Legal tech startup LawVu has secured a recruitment coup.
The Tauranga startup has just hired Greg Stephenson who, until July this year, was running LinkedIn's North American marketing operation - overseeing a team of 20 who brought in US$1.6 billion in revenue in 2020.
Stephenson tells the Herald he came to New Zealand for family reasons. His wife - a Kiwi - wanted to return home and landed a job at Xero. He also picked up work at the cloud accounting company. After a "good few months" battling to win a slot, then a two-week stint in MIQ itself (which Stephen describes as "more pleasurable than people think"), the couple began their new life in Auckland.
Stephenson's contract with Xero was short-term. He sought out LawVu after seeing a story about the Tauranga startup's chunky $17 million Series A raise, then accepted a role as chief marketing officer.
"I think I can offer some insight into the opportunity for achieving global growth and scale. That's what I was looking for when I moved to New Zealand. And that's what I found in LawVu: that global international growth ambition."
LawVu, which makes a software platform for in-house legal teams, was founded on the East Coast, and the Tauranga Council was its pilot customer.
But it now has staff scattered around the country, and a roster of blue chip customers on both sides of the Tasman including James Hardie, Sky TV, Fonterra, Telstra and Nissan Australia.
And ahead of its $17m Series A round mid-year (led by New York-based venture capital firm Insight Partners with support from Australia's AirTree Ventures), LawVu landed a contract with one of the big social media platforms in the US. It can't be named but, rest assured, it has a fair number of legal issues to keep its in-house counsel busy on LawVu's platform.
Funds from the Series A round - one of the largest ever for a Kiwi startup - are earmarked for further expansion into the US.
LawVu has already scaled up from 20 staff last year to 70, with plans to up that to 100 over the next few months.
Stephenson, who built his LinkedIn team from six to 20 and lifted its revenue from USb$1.1 to $1.6b over the three financial years to 2021 as he oversaw a shift in emphasis from in-person to virtual engagements during Covid, is looking to build a LawVu marketing team as part of that effort.
He'll, of course, be bringing the marketing smarts he developed at LinkedIn and, before that, senior roles with Vodafone and Garmin in the UK. And he says he'll be able to apply a lot of what he learned about go-to-market strategies.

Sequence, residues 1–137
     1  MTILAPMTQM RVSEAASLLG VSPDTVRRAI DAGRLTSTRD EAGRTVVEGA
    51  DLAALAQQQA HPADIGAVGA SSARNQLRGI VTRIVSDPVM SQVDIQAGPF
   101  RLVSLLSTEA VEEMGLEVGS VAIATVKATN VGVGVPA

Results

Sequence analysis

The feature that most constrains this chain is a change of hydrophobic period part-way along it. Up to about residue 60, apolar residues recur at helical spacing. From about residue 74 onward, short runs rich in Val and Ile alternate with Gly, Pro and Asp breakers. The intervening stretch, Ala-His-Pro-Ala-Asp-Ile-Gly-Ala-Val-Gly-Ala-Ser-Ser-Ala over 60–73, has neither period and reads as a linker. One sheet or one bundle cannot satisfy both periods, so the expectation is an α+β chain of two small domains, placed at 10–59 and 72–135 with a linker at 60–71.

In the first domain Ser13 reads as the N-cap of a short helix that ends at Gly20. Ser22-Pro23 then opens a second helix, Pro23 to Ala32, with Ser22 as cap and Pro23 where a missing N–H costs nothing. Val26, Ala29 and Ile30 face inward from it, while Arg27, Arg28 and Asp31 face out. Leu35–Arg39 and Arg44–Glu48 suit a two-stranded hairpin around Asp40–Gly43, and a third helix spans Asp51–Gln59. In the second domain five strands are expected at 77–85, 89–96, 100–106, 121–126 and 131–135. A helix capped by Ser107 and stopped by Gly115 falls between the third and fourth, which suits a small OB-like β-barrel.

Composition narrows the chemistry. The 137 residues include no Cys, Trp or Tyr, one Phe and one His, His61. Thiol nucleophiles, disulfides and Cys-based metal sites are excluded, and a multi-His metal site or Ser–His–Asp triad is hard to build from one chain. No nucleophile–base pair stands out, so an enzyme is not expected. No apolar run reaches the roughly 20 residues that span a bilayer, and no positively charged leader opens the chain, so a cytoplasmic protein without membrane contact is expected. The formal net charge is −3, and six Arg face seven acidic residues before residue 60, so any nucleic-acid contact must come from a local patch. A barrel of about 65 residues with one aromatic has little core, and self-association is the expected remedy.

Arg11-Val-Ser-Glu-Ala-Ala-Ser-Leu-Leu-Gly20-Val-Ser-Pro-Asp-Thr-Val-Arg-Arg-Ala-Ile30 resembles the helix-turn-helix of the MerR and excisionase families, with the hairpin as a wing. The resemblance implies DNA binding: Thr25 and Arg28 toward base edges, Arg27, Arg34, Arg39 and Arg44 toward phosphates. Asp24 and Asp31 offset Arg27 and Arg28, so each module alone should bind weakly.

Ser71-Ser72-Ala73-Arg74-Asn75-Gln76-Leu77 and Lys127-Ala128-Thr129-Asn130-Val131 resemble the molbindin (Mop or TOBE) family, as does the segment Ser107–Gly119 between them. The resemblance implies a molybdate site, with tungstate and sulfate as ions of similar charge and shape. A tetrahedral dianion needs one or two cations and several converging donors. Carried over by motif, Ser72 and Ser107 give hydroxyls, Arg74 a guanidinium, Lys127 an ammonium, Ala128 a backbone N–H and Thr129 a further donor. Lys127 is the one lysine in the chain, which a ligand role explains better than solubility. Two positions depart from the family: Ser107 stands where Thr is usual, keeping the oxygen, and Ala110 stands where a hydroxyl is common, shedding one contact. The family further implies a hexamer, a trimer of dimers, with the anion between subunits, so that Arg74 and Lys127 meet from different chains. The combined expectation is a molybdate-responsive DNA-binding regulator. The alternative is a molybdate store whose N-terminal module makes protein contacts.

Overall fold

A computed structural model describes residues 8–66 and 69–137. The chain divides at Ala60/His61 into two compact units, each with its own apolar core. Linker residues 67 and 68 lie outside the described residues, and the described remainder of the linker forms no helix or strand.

But, more broadly, he wants the chance to help create a young company's culture.
"One of the reasons I decided to look for a younger company is LinkedIn taught me very early on that culture is incredibly important to a successful business," Stephenson says.
"And the idea of being involved in the development and nurture of a culture in a smaller business was something that was very attractive to me.
"If you get into a larger organisation, there's an element of that being pre-baked. So being able to influence it in a startup is definitely of interest to me."
Stephenson says while family was a big reason behind his shift to NZ, "I've also been exhilarated by the opportunities in New Zealand. One of the things I was trying to figure out is: what is the supply of jobs? And is there a need for somebody like me? And what I discovered on my investigation is that actually the economy is booming, there is a need for my skills and international experience. New Zealand is a great place to start a business".
And in case you were wondering, yes, Stephenson and his wife have managed to buy a house in Auckland. It helps, of course, that the couple immigrated from one of the few cities in the world where homes are even pricier.
"San Francisco is very, very expensive," he says. And things get ballistic around neighbouring Silicon Valley, where tech firms are clustered.
Run-of-the-mill four-bedroom homes in Sunnyvale, where LinkedIn is based, can easily sell for more than US$1.5m.
"The salary is also attractive in California. I think the challenges that you're seeing in New Zealand at the moment is the gap between salaries and house prices."
The stats bear Stephenson out, the latest Demographia International Housing Affordability index says while a home in San Francisco costs a steep 9.6x the annual average household income - making it one of the world's 10 least affordable cities - Auckland is in the top 5 with a 10x ratio.
But Stephenson also emphasises that with the growth of software-as-a-service and the cloud, most Kiwi software companies no longer have to get hung up on geography.
He says offshore recruitment is one of the answers to NZ's tech skills squeeze, even if not all the hires literally follow in his footsteps.
"I think the pandemic has accelerated this culture of remote work. And that allows Kiwi businesses to be able to find and attract talent. Not necessarily to move to New Zealand - of which that can be I'm an example - but just to hire and have a presence in different locations because of the ability to remote work."
LawVu chief executive and co-founder Sam Kidd says: "With the growth we have seen over the last year, we are extremely pleased to welcome Greg on to the executive team.
"His wealth of knowledge, experience and expertise across the US and Europe is incredibly beneficial to our continued growth, and we can't wait to see the impact he will make here."
All that remains now is for Stephenson to update his LinkedIn profile.